- Why isn’t there a Palestinian state today? Because the Arab leaders are responsible for no Palestinian state. Palestinians have been betrayed by other Arab countries, the primary reason there hasn’t been peace agreement.
- The resolution opens the gate to more hatred on campus.
- We need Israeli cooperation and technology for business development.
- The proponents of the resolution want to destroy Israel and deny the Jews a homeland.
- The resolution targets only Israel, while there are human rights violations occurring around the world.
A student Senator proposed a compromise. She asked that any reference to Israel be removed from the resolution, along with the names of the specific companies targeted for divestment, so that the resolution became a general statement of socially responsible investing and divestment from companies that engage in human rights violations generally.
The proponent of the resolution agreed to the amendments, but it soon became clear that the pro-Israel group did not. During a short break, each side lobbied the Senators, and I could tell there was still a lot of heartburn on that other side of the room. One opponent claimed that any divestment resolution — regardless how generic and bland it might be — would signal a “win” for the BDS movement which they couldn’t tolerate.
During the break, I went up to the Executive Director of the Jewish Federation of New Mexico and introduced myself and said I’d like to get together to discuss our different views. He knew who I was, and referred to my blog which he said calls for the destruction of Israel. I tried to reassure him that was not the case, and it might help if we could sit down to talk. He asked me if I support BDS —- I said I do —- and he said that means I want to destroy Israel. He was very adamant, despite the fact that we’ve never met or talked. I’m hoping we’ll have the chance to talk in the next few weeks.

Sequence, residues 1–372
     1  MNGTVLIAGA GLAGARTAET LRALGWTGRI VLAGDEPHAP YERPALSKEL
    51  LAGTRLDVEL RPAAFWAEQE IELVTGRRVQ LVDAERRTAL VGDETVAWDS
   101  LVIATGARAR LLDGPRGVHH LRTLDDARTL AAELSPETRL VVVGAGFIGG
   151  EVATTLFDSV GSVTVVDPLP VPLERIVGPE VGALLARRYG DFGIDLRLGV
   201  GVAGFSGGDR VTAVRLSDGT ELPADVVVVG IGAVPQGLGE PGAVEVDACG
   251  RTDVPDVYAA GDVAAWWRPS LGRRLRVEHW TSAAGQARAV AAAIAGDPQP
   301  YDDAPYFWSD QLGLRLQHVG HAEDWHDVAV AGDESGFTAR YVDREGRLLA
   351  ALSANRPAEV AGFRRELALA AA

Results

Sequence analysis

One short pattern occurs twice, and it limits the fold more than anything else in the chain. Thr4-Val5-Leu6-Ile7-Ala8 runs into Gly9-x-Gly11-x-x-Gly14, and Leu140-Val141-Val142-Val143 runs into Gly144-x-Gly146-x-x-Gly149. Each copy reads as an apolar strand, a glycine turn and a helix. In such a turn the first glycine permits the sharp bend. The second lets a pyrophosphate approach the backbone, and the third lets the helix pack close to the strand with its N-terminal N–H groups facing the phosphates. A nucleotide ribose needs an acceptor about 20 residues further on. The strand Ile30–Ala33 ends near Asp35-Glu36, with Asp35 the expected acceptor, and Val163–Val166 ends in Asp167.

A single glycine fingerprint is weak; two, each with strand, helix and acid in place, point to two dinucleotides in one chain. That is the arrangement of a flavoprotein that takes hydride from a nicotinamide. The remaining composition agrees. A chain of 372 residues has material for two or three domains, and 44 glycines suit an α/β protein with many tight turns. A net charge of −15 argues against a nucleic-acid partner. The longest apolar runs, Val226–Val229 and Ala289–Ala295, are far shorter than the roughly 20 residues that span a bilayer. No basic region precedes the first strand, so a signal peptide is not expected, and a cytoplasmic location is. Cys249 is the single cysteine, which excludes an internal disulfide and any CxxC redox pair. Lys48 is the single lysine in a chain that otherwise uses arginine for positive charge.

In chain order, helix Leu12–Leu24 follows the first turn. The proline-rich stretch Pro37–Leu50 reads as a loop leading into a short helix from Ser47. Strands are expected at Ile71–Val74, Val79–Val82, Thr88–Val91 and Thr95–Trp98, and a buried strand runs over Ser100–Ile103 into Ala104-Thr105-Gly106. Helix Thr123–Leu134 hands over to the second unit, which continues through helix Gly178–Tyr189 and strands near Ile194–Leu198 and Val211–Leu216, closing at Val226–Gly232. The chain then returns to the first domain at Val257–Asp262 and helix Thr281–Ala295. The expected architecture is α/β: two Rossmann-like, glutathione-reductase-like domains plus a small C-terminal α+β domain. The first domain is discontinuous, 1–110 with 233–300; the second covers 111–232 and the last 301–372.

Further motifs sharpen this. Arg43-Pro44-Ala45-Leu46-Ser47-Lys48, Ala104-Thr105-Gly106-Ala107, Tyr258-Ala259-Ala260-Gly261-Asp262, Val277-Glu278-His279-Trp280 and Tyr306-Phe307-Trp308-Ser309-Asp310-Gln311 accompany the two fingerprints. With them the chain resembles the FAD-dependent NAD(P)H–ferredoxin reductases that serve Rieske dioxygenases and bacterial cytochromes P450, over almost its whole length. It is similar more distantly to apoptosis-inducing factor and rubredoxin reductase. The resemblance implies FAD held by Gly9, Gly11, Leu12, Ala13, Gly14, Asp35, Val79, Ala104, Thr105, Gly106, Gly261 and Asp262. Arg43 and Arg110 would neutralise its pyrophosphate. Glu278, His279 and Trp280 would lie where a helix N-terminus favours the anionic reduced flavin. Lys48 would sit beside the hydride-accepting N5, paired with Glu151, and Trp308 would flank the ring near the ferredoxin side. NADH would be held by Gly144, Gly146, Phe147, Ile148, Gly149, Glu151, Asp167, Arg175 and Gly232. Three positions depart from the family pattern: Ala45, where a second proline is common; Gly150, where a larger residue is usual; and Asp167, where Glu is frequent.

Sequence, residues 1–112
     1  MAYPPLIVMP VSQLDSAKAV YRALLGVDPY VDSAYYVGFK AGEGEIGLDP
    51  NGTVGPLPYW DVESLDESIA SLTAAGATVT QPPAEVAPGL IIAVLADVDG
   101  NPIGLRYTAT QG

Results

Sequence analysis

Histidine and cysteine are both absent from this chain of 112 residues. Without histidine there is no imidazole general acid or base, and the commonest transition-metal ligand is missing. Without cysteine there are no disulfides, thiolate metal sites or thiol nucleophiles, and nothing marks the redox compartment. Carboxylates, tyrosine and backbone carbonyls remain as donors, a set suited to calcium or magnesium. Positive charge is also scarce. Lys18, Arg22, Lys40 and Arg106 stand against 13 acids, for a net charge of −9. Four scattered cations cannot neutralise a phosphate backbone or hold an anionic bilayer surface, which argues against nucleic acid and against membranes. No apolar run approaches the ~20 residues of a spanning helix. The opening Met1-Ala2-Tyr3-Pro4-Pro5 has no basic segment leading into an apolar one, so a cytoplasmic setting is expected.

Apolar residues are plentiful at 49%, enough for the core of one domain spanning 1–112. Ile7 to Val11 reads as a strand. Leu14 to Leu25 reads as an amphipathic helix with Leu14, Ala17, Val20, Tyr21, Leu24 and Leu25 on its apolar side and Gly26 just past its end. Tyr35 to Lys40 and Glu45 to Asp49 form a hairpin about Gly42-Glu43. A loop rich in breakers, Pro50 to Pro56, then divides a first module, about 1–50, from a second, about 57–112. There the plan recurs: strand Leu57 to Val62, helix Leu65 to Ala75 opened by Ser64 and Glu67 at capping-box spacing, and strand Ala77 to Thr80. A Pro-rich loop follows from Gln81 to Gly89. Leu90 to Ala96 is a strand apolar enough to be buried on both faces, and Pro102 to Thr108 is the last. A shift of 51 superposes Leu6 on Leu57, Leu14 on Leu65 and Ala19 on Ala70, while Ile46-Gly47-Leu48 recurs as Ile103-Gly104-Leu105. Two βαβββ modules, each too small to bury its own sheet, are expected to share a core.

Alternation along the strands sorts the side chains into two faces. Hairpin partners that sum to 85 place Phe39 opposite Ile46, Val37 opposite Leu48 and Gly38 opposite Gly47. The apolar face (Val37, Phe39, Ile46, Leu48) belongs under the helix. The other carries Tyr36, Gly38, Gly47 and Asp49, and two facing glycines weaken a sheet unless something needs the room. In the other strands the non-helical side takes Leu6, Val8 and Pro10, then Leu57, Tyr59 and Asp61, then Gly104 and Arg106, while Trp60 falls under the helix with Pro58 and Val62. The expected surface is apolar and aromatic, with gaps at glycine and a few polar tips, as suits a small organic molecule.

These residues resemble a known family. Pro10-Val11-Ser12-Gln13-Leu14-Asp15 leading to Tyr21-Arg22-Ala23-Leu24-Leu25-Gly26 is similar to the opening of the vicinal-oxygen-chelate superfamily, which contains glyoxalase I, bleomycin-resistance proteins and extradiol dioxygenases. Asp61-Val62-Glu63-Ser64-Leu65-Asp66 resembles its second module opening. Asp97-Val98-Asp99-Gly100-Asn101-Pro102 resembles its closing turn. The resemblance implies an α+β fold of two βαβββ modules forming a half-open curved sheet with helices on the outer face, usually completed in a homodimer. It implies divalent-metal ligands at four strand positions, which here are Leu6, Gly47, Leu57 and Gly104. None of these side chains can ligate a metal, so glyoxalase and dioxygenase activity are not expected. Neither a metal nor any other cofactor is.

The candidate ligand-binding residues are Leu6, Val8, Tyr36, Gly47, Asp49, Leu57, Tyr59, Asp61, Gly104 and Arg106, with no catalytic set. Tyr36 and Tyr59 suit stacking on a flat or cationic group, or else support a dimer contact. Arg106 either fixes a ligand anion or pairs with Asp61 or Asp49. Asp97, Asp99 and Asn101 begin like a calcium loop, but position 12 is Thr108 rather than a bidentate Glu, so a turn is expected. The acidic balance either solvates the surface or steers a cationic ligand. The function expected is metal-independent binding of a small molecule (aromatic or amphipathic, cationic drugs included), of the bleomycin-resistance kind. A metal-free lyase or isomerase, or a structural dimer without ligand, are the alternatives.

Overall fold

When the Senate reconvened, there was strong advocacy in favor of the new version of the resolution which removed reference to Israel and the deleted the names of the companies. The pro-divestment group supported the amendments; the sponsor of the resolution argued eloquently in favor. I was inspired listening to these future leaders.
However, at the end of the evening, the students urging caution prevailed. They want all sides to get together and work on a new resolution to bring back to the Senate. The final vote was 7-12-1. (Seven in favor, 12 against and one abstention.)
The leader of the pro-divestment group graciously thanked all of the Senators for their time and consideration. She promised this was not the end, only the beginning. And she said she would hold the pro-Israel groups accountable to meet with the pro-divestment groups to work on a joint resolution. She plans to email them all tomorrow!
I could have easily left that meeting discouraged and disheartened, but the students’ conduct and advocacy in a spirit of goodwill actually left me feeling very hopeful.